For quite some time the Carl’s Jr. burger chain had been the king of sexist, soft-porn marketing. So, I suppose they can be commended for emphasizing food instead of boobs in their latest campaign. Going back to their roots of solid, innovative, good food with a sense of humor was a smart step in the right direction, albeit forced by consumer data more than from the heart. Through a well-produced pairing of a seemingly honorable, can-do Carl Sr. and entitled slacker Carl Jr., they set up a classic sitcom conflict by leveraging the generational differences between a baby-boomer dad and his millennial son. I was actually looking forward to what’s next in the series.
Let’s not heap too much praise on one, admittedly well done film. Having been part of a global coffee campaign that ran nearly two dozen episodes in the states alone, I know a thing or two about serial commercials. The question of what’s next is exactly what should be on the minds of every one of your viewers at the end of each film. Diligently establish full characters and they’ll practically write the scripts for you. Carl Sr. was introduced as the classic, righteous, all-American hero arriving just in the nick of time to save the company from certainly failure. A man who stands tall for his principles, does the right thing for himself, his family and the public at large. Well, that’s who I thought he was until I saw the latest installment explaining how the Baby Back Rib Burger was born.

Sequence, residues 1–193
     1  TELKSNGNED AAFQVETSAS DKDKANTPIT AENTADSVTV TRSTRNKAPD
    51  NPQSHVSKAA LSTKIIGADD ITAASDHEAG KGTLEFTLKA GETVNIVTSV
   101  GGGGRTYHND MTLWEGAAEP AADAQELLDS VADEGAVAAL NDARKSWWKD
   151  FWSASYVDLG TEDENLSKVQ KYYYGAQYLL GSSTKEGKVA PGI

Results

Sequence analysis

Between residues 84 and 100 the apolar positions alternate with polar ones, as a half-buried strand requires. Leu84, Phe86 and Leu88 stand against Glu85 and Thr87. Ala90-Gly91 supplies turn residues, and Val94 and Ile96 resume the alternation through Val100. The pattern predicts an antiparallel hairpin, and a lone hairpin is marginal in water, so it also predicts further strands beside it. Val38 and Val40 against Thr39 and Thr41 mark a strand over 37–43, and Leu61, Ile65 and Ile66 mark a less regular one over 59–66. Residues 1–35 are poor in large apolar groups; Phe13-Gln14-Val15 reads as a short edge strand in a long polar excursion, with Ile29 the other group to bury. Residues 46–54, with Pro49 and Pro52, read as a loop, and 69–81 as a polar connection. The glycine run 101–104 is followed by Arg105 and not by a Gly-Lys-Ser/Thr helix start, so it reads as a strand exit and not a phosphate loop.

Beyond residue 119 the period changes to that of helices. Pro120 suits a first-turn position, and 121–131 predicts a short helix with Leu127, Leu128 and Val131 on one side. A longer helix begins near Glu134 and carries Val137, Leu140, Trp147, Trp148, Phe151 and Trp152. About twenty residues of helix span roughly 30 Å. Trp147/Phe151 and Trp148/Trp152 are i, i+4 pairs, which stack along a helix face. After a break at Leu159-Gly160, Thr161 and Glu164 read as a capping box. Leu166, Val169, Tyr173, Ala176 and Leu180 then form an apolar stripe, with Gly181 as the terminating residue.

Here’s yet another example of our new world order where the less scruples you have, the more you’re celebrated at the highest levels of society. Where the old definition of the classic hero fighting for fairness and what’s right is turned into a joke. In this film, the two Carls team up to blatantly steal a, “million-dollar idea” from a hard-working short order cook and then cowardly run away. To add insult to injury, it’s not enough to take advantage of the guy and leave him with nothing, he’s made to look the fool and humiliated in the closing scene.
Most CMO’s and CCO’s know that the importance of what a company stands for is at an all-time high and rising. Carl’s Jr. had a perfect opportunity to establish a new purpose, one about a belief in honest, good food at a good value. Instead, their agency stole that chance from them by portraying their founder as being just as lazy, irresponsible and selfish as his spoiled kid.
Ray Kroc is reported to have once said, “If I see my competition drowning, I’ll stick a hose in their mouth.” Sadly, I guess that’s Carl’s Jr.’s new mission, their new purpose. Dare I say, it almost makes me miss the boobs.